Tony understates the case, in those last three sentences. The owner of Knebworth House, Henry Lytton-Cobold, was standing by with the “psychics” as they threw out suggestions and guesses to him, asked him questions, and were immediately and fully corrected and/or prompted and freely given information by this one person there who knew the details about those two deceased persons! Henry even told them – when they were going in the wrong direction – what they should be asking about! At one point he cautioned one of them and told her, “There’s a lot of history in this room!” – which provides an excellent alibi for any wrong guesses she might make – and he said:
I felt that she [the “psychic”] was struggling, and it may well have been that it was the outside elements of history that this room embodies.
He has given her here the perfect “out”! Any “cold reader” would embrace this opportunity to look psychic, don’t you think? It was a ridiculous “test,” in the first place, and no way to control the conditions, anyway. The “psychics” had an easy job of it. And, we’re told, what got broadcast – as we’d expect – was only a very small but carefully-made selection from the great number of guesses, questions, and hints, that were offered.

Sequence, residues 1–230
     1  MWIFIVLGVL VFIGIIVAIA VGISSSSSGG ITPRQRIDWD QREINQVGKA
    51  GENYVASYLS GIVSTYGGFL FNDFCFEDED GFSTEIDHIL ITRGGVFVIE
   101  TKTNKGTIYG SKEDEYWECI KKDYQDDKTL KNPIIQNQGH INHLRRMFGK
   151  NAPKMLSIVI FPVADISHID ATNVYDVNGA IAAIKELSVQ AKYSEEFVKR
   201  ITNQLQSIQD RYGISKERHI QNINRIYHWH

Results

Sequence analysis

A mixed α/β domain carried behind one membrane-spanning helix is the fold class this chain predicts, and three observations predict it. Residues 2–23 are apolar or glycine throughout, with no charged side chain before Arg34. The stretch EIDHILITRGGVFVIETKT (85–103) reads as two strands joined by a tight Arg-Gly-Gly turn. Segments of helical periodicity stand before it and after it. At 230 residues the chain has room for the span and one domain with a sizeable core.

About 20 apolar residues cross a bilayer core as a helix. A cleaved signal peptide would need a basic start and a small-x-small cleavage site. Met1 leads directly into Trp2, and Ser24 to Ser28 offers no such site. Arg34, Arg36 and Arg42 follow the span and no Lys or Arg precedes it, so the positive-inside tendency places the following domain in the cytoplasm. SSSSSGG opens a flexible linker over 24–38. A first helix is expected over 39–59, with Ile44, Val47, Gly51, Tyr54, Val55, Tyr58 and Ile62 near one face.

There was no objective measurement of whether any of the psychics were successful and as far as I can recall no comment was made as to their success or failure. Towards the end of the show there was an additional test which was meant to be “for amusement only.” Each psychic in turn handled an envelope that – unknown to them – contained a pair of underpants that had been left at Knebworth House in 1976 by Mick Jagger. They were to identify the owner of whatever was in the envelope. They were quite successful at guessing the contents (in vague terms) but never picked up anything about their owner.